Technological breakthrough: Liquified, organic corn gluten meal
WTOP Garden Editor Mike McGrath
Mike McGrath, wtop.com
Editor's Note: Mike will appear on Saturday and Sunday April 6 and 7 at the Delaware Home and Garden Show at the Sheraton Dover Hotel. Visit delawarehomeshow.com for more information.
Weed-preventing corn gluten now in liquid form
Sekar in Herndon writes: "I am a great fan of the organic weed preventer Corn Gluten Meal, and have been using it on our lawn for the past five years. As I was about to purchase this year's supply, I came across a product at Home Depot that seems to be a liquefied form of corn gluten. What is your opinion of this spray? Or should I stick with granulated corn gluten?"
I would definitely try the spray, Sekar! The same Iowa State researchers who developed the granular form of corn gluten meal as an all-natural weed and feed have been working on a liquid formulation for years. And I didn't realize it was finally on the market. I just checked with them, and they confirmed that it is the real deal — a licensed variation of their original granulated formation. And this is the first year it's commercially available!
If anything, the liquid form should be even better at preventing the germination of crabgrass and other weed seeds as it goes down wet, which should really jump- start the process of killing crabgrass and other dormant weed seeds.
Lawns do better with the two-step dance
Charles in Fredericksburg writes: "I've always used typical lawn care products from Scott's and want to change to organic. Do you have a schedule as to when various products should be applied?"
Good for you, Charles! And yes.
Step One: You should be prepared to spread corn gluten meal - the all-natural pre- emergent weed and feed - on your lawn soon. It'll prevent crabgrass and other dormant weed seeds from germinating and provide a gentle spring feeding.
Then start the season with a new or newly-sharpened blade, cut your lawn at three inches high and never bag the clippings. Those clippings are 10 percent nitrogen (the primary lawn food), and returning them to the turf provides your lawn with a gentle natural feeding every time you mow. Do not apply any other form of food to your lawn during the summer.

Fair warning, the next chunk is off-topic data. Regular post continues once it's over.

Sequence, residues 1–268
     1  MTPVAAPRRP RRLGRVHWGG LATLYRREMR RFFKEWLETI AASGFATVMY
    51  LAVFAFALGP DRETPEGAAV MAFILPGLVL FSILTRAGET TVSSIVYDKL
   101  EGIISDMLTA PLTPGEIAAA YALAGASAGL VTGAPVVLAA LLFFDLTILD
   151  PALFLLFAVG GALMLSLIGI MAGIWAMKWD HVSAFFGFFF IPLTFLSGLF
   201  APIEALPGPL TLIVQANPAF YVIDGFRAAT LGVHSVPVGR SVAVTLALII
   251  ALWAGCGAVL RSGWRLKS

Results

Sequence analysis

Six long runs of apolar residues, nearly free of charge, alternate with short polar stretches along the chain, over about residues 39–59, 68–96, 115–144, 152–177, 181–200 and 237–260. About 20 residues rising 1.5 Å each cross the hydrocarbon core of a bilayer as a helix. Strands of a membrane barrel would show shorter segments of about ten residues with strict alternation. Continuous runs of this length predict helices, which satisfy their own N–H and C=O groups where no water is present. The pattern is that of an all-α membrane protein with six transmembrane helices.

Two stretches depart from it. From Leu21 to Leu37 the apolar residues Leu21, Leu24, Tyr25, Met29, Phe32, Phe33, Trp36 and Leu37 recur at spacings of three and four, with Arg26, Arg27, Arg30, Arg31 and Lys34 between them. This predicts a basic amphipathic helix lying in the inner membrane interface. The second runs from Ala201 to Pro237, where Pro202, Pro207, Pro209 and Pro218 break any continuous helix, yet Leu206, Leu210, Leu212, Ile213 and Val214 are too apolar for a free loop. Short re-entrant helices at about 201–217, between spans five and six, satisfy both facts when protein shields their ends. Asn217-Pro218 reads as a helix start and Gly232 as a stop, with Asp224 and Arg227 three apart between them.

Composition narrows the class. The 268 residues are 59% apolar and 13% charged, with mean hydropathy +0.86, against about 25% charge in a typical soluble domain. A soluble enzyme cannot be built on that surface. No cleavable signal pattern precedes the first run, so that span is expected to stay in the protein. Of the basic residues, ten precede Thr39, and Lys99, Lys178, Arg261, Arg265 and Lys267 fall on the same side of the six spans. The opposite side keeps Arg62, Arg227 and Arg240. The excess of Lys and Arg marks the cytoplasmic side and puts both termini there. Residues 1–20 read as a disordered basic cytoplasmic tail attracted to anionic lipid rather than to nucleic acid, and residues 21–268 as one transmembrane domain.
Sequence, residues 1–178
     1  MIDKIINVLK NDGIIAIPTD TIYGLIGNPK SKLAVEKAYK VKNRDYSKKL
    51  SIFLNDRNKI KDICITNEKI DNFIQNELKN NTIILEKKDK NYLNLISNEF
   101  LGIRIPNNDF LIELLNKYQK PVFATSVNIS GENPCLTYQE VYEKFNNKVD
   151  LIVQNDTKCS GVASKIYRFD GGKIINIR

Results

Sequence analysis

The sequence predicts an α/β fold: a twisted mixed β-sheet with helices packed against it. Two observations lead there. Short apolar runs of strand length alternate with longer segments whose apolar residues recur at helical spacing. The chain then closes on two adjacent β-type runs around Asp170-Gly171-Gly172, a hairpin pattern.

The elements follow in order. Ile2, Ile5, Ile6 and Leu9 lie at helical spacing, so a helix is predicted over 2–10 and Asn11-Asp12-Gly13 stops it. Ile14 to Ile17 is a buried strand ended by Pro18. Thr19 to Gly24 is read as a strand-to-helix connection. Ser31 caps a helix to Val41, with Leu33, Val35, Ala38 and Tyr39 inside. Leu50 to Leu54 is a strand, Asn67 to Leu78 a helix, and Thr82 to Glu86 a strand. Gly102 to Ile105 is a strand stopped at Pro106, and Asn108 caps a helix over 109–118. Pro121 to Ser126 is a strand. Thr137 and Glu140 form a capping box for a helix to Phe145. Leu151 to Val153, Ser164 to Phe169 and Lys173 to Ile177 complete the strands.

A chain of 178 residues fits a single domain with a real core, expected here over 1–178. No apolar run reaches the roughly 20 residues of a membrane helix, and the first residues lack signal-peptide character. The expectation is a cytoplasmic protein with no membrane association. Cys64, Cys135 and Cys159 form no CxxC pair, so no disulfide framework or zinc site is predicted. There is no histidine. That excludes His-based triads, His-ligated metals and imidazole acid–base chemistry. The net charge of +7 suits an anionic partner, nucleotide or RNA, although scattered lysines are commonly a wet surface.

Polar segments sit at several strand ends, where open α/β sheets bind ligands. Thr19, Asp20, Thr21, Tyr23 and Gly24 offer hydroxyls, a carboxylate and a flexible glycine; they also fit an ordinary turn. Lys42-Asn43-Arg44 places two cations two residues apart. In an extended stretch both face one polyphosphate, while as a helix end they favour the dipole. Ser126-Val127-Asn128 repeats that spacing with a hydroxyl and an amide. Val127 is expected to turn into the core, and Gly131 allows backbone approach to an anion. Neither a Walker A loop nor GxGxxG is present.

Step Two: Feed your lawn again in the fall. That's late August if you use more corn gluten (to prevent late-season weeds like dandelion and clover); or in September with a bagged organic lawn fertilizer. Or rake an inch of compost into the turf. Our grasses crave the organic matter that compost provides.
And that's it! Lawns don't need four steps. They look their best when they do the two-step.
Where can we find this magical meal of the gluten of corn?
Yvonne in Havertown, Gene in Fredericksburg and a legion of other listeners all ask: Where can we find the corn gluten meal you say we should use on our lawns this spring?
It's a question as reliably perennial as the daffodils brightening up landscapes this time of year.
You'll generally find the biggest selection of corn gluten products at large independent garden centers. The brand names most frequently found at retailers include Espoma (the makers of Holly-Tone), Concern and Bradfield. (All have store finders at their websites, helping identify the sources closest to you).
But don't delay. To prevent crabgrass and other weed seeds, you need to apply corn gluten right before the soil temperature reaches 55 degrees. And the soil is already up to 45 degrees in Prince George's County, so I'm guesstimating that the first week of April is going to be ideal.
Corn gluten timing; a new resource
"I can go your Chesapeake Bay water temperature link one better," brags Burt in Rockville. "Here's a link to the USDA National Resources Conservation Services monitoring station in Powder Mill, Md., (Prince George's County) where you can see daily soil temperatures as measured 2 inches, 4 inches and 8 inches below the surface.
It says that the soil temperature today is 44 degrees at 4 inches down. That indeed is very close to the Chesapeake Bay water temperature you've urged listeners to follow!"
Thank you, Burt. We have the best listeners here at WTOP. Now, this site is a little tough to navigate, so here's what you do:
- Open the page.
- Choose "soil moisture and temperature" from the first column.
- Go over to the fourth column (the yellow one), choose 'last 7 days' and then click 'view current' right above that. You'll be taken to the page with the readings.
- Today's date will be the last one on the list, and the column that says "STO.I-1:-4 (degC)" (fourth from the right) has the soil temperature we're looking for.
- But, it's in Celsius. Go here to convert it to Fahrenheit. (Or do the math. Multiply the Celsius number by 1.8 and then add 32.)
- Start spreading your corn gluten when the soil temperature number hits 50 degrees, so the material will be down and active by the time the soil reaches the crabgrass germination temperature of 55 degrees (or 12.7 degrees Celsius, for all you metric fans out there)
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